Interestingly, Dr. Cooper's computer reported the prime to the server on September 17, 2015. However, a bug prevented the email notification from being sent. The new prime remained unnoticed until routine database maintenance took place months later. The official discovery date is the day a human took note of the result. This is in keeping with tradition as M4253 is considered never to have been the largest known prime number because Alexander Hurwitz in 1961 read his computer printout backwards and saw M4423 was prime seconds before seeing that M4253 was also prime.

You can learn a little more in the short press release or watch the standupmaths interview with Curtis Cooper regarding his discovery:

M(32582657) proven to be 44th Mersenne Prime

November 8, 2014 — In 2006, M(32582657) was discovered, and after 8 years GIMPS has finished checking and double-checking every smaller Mersenne number. With no new, smaller primes found, M(32582657) is officially the "44th Mersenne prime". Congratulations and thanks to all the GIMPS members that contributed their resources towards this milestone.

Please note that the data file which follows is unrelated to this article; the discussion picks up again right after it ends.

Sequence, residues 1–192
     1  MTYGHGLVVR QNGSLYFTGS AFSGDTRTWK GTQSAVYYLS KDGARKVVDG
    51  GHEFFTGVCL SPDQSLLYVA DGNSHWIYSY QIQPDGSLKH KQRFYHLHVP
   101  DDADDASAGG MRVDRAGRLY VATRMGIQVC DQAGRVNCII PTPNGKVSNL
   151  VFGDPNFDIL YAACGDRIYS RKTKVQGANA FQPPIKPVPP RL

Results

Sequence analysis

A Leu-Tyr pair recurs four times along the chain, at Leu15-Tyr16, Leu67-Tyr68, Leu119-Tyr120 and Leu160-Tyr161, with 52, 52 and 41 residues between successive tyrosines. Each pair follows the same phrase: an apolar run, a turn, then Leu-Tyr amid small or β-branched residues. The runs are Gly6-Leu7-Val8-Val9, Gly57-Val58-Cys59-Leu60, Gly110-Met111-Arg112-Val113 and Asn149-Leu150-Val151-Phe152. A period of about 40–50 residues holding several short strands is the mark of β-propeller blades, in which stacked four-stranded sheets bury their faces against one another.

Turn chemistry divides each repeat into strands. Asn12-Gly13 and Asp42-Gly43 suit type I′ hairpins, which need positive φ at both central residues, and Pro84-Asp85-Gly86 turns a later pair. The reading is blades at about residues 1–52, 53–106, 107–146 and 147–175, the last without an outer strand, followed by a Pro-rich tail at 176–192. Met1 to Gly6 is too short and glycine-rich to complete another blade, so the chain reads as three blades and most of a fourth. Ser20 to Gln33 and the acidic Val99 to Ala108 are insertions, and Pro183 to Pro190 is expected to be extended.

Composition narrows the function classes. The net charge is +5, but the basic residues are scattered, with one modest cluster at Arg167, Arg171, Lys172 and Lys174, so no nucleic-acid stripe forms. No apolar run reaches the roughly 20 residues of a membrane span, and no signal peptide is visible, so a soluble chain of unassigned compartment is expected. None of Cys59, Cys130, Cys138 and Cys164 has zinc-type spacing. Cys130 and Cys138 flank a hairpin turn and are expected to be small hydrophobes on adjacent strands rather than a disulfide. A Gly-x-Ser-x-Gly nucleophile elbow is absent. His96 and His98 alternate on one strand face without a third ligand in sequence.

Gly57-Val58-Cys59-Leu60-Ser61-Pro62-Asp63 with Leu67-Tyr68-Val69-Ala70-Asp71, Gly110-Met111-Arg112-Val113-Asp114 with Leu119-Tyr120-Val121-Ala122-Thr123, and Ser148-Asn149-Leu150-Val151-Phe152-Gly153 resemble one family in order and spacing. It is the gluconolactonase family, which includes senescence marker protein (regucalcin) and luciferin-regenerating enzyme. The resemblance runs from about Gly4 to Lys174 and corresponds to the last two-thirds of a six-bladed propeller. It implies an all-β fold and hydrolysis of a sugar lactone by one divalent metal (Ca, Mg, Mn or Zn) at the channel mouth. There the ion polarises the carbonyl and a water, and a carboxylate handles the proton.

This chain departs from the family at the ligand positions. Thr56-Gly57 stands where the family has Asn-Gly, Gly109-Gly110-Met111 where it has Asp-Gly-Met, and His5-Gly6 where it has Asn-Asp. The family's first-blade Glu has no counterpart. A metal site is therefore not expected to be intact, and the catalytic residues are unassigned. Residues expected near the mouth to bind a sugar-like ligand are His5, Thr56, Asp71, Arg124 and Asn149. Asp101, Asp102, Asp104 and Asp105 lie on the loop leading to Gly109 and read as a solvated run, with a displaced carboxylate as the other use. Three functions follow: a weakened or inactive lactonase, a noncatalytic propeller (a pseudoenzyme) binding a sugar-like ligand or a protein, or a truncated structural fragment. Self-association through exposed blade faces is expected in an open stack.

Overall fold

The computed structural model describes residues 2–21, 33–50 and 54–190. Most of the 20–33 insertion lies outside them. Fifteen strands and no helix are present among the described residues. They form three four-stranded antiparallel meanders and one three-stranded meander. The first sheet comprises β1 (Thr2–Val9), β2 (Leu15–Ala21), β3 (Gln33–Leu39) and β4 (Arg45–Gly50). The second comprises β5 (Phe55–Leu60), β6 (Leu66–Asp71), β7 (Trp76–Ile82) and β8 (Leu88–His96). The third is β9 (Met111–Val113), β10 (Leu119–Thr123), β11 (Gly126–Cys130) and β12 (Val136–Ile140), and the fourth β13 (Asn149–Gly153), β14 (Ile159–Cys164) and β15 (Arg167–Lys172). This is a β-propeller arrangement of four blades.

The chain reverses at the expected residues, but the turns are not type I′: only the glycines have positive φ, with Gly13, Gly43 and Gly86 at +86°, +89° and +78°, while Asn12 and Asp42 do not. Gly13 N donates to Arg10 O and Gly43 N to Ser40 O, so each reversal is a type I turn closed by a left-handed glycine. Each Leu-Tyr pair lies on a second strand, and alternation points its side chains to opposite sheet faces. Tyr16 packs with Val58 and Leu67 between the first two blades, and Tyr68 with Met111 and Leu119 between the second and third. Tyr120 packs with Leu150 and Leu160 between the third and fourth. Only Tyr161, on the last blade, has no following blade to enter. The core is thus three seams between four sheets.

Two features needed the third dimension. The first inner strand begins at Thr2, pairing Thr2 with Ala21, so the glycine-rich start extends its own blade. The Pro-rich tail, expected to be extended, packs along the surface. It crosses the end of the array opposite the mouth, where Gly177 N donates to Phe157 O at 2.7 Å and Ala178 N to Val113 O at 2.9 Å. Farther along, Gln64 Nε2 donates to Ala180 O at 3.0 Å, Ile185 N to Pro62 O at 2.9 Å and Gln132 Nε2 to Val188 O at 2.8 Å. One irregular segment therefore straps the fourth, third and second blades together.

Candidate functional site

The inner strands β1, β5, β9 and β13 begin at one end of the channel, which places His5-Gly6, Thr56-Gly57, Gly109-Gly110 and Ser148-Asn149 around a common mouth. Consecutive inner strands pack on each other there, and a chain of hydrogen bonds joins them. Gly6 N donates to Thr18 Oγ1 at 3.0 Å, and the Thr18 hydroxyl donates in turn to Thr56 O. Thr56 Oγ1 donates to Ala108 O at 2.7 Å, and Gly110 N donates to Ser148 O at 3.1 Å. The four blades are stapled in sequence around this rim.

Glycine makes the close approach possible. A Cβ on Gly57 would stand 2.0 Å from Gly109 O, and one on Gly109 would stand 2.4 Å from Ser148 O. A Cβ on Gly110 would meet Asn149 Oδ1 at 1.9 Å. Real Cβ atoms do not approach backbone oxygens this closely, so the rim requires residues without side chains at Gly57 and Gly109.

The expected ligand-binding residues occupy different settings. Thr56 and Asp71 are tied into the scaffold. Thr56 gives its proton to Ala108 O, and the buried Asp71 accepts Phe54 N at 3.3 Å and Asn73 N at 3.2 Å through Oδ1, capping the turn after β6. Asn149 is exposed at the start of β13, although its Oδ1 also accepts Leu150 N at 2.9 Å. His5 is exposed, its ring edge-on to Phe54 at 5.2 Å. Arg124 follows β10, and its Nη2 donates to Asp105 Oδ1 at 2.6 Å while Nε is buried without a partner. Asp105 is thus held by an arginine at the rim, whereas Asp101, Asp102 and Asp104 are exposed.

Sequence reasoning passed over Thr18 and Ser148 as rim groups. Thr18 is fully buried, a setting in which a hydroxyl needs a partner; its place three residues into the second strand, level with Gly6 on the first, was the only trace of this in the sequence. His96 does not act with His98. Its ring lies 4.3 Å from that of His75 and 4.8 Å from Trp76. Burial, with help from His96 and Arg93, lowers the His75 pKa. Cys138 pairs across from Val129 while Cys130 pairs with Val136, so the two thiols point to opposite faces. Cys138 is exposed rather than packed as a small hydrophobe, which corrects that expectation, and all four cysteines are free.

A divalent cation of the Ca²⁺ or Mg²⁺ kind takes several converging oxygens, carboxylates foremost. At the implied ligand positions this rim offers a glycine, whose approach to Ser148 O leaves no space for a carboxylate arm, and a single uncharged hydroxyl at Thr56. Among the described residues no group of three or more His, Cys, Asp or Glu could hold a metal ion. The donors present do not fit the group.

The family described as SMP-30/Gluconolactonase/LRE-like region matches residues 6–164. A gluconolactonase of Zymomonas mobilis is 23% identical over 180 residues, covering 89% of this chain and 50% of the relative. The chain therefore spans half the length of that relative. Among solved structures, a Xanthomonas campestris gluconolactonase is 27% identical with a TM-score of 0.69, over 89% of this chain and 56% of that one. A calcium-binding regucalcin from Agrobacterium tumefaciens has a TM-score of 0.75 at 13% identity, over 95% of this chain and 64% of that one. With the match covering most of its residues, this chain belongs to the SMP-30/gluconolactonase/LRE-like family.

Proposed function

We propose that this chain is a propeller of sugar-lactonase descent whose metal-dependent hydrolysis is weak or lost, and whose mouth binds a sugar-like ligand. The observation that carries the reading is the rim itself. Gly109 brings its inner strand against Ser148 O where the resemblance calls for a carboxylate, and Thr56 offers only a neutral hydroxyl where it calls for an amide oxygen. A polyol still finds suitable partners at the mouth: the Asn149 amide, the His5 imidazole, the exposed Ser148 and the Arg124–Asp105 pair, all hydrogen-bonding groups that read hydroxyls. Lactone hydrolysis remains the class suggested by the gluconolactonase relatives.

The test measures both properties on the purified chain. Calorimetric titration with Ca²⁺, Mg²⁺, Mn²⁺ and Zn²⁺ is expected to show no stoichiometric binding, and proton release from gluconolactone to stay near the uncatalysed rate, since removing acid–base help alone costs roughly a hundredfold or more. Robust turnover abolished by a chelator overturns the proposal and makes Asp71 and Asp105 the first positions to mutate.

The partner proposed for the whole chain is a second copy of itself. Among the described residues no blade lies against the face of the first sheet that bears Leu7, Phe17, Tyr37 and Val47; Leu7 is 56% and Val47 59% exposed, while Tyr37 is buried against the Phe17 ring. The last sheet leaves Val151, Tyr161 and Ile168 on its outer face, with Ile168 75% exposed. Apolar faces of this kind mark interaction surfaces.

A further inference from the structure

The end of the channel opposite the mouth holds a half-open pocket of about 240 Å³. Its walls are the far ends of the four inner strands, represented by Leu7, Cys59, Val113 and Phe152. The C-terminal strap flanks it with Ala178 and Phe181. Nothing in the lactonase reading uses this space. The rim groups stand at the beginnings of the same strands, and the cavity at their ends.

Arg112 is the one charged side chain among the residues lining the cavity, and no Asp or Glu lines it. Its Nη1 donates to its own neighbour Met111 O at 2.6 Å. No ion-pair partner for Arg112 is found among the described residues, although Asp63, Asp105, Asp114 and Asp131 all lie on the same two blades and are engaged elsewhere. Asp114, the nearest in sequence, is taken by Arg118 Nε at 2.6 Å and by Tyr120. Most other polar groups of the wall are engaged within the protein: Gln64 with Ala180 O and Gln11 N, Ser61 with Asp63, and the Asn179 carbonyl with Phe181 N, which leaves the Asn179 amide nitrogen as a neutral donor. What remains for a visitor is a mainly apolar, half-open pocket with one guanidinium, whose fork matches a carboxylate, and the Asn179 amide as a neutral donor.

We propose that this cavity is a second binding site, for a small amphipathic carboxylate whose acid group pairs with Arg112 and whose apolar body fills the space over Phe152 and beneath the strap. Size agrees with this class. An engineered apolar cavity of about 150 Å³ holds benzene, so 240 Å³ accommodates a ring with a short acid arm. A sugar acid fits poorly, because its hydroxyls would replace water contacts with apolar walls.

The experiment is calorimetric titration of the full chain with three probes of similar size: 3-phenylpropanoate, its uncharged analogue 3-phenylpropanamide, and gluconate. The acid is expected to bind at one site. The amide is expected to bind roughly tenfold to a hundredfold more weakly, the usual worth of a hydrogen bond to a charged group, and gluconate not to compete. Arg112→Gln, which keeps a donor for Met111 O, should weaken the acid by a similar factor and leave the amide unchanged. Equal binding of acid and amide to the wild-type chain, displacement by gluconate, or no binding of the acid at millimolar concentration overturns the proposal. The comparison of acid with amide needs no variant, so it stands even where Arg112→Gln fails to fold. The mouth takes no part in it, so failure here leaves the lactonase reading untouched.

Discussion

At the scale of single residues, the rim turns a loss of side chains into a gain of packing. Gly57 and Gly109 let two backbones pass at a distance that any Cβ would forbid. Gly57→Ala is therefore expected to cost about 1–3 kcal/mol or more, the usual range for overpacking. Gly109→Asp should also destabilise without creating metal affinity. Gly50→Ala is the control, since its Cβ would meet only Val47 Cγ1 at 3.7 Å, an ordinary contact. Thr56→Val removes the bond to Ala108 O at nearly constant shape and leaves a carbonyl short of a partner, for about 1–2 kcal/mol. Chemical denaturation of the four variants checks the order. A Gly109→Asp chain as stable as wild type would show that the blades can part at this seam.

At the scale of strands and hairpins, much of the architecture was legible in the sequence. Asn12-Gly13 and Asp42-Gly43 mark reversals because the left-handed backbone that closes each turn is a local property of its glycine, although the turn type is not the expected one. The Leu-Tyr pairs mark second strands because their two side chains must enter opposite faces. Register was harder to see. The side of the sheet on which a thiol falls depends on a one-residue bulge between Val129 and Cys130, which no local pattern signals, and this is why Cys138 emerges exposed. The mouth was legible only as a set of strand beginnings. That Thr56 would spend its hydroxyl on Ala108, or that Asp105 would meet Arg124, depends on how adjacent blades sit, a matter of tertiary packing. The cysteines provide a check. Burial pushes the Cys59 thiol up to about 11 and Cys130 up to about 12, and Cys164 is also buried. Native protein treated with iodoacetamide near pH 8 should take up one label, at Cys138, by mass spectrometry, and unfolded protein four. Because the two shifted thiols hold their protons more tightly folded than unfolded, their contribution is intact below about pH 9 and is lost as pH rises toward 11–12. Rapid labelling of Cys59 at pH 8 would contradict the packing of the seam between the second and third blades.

Prime95 version 28 released! Faster on Intel's latest CPUs!

June 1, 2014 — Version 28 is now available for download. The FFT assembly code has been optimized to use Intel's fused multiply-add instructions on Intel's Haswell CPUs (Core i3/i5/i7-4xxx models). Haswell users should see a decent performance increase. Sandy Bridge and Ivy Bridge users may also see a small speed boost due to some memory bandwidth optimizations. To upgrade, simply exit Prime95, download the new version, and unzip the new version replacing the old version.